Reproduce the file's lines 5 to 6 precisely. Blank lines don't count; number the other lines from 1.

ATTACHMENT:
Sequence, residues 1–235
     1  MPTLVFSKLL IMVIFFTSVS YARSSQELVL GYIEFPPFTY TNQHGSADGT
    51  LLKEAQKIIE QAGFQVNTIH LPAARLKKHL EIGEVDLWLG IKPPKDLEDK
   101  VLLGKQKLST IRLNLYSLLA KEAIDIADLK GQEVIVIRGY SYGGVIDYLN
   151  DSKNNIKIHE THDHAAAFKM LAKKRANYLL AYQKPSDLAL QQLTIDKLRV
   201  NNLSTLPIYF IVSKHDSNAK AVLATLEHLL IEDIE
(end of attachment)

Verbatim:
   151  DSKNNIKIHE THDHAAAFKM LAKKRANYLL AYQKPSDLAL QQLTIDKLRV
   201  NNLSTLPIYF IVSKHDSNAK AVLATLEHLL IEDIE